Our proposals for banking reform
Setting out our proposals
Our proposals offer a solution to the real anger and frustration that people feel about the banking system that has taken us into a recession. We have four specific proposals that, when combined, will provide the necessary changes to the way financial services are regulated to support, rather than hinder, our efforts to tackle the causes of inequality and poverty.
1. Support for communities: banks be required to re-invest at least 1% of profits to support public benefit
Banks and financial institutions have made astronomical profits over recent years and are quickly recovering from the banking crisis to post large profits once again. In return for the insurance that the government (and taxpayers) provide to the banking system, responsible finance means reinvesting profits to support activity that is of public benefit. Financial institutions would be required to re-invest 1% of their profits back into communities in the form of grants. Local or regional panels made up of people from the banks, the third sector and local government, should be established to make decisions about the allocation of this money in the form of grants.
2. Responsible credit: making it illegal for lenders to charge as much as they like for loans
In many deprived areas the need to borrow money means a choice between a payday lender charging 300% interest or a loanshark charging 3000%. It should not be legal for predatory lenders to charge whatever rate of interest they want to. A responsible credit cap should be introduced to fix an upper legal limit for the amount of interest that can be charged for a loan.
3. Disclosure: banks must publish information to demonstrate they are serving the needs of all communities, without discrimination
Money flows into financial institutions, even from poor communities - think of all the housing benefit and Job Seekers Allowance that go into bank accounts. However there is little evidence that money and banking services are equally available to deprived communities - many poorer neighbourhoods have no access to an ATM and are regularly charged more for the same service as affluent customers. Banks and financial institutions should be required to publish information on where their money comes from and where it goes to (by neighbourhood - based on 'Super Output Areas'). Disclosure would also require information to be published on how services - loans, savings and banking facilities - are provided to different groups - for example women, ethnic minorities and disabled people. Disclosure is the foundation for responsible finance because without access to this information it's impossible to properly (and responsibly) address discrimination that exists in how financial services are provided.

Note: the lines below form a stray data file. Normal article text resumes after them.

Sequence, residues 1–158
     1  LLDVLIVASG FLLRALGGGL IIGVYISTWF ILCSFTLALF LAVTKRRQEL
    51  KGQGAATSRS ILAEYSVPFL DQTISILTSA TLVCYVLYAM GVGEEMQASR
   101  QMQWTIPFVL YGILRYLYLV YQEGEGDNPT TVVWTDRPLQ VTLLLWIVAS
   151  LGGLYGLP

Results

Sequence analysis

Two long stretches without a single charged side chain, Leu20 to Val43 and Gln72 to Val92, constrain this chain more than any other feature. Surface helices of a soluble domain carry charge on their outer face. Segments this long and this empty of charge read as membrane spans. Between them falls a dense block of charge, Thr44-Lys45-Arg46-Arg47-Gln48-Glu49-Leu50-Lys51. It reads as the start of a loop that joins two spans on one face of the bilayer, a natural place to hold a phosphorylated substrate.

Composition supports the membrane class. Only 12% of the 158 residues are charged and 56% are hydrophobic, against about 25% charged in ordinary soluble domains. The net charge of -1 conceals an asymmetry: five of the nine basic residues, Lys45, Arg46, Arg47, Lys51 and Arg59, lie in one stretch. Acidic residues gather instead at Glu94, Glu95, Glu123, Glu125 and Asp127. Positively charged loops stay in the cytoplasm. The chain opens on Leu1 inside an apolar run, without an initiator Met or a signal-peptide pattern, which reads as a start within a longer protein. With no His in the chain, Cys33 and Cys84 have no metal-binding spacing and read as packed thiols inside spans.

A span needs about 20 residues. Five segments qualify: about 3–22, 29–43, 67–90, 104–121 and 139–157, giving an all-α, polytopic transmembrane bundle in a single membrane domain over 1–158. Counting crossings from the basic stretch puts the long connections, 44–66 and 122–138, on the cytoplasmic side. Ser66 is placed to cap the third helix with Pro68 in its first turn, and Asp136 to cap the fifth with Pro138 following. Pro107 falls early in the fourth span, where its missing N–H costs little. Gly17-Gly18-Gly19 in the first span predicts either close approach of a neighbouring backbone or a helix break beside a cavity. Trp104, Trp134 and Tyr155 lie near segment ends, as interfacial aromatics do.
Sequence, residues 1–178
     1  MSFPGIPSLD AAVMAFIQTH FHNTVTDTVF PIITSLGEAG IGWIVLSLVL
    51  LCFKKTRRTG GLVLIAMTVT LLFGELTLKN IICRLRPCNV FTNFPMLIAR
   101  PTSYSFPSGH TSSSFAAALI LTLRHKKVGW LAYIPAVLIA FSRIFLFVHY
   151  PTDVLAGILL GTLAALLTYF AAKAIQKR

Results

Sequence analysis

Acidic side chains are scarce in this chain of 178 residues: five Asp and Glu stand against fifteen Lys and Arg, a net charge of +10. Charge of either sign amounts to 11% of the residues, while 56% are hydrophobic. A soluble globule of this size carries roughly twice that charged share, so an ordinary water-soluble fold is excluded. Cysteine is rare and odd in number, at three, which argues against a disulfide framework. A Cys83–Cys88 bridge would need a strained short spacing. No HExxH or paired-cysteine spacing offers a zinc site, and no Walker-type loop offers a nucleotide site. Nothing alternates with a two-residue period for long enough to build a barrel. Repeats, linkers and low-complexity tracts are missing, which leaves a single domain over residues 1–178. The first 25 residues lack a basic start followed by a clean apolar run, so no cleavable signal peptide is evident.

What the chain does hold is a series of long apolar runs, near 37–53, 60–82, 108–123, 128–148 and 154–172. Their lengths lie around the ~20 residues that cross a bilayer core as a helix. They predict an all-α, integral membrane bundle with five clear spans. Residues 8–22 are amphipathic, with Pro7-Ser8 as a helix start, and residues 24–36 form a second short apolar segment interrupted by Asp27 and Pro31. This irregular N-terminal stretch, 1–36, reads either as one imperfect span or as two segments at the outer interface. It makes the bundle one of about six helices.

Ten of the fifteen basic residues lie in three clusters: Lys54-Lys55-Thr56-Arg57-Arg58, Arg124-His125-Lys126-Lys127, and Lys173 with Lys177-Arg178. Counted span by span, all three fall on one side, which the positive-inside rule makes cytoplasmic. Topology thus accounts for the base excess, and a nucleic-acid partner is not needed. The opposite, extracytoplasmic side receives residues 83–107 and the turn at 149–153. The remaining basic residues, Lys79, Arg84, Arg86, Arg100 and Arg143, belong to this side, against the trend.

4. Investment - banks must take steps to eliminate any discrimination in how they provide financial services through a Community Reinvestment Act
Responsible financial institutions have a duty to meet the needs of all communities and any discrimination that is identified through disclosure will need to be addressed. This means access to banking facilities (an ATM, for example) as well as fair access to loans and investment for individuals and organisations. Through community reinvestment legislation (along the lines of the US Community Reinvestment Act) financial institutions will be required to ensure their services are equally available to all communities and groups. Banks can meet their responsibilities either directly, for example opening a branch or banking facilities in a deprived area, or through an intermediary, by investing in a Community Development Finance Institution or a local credit union.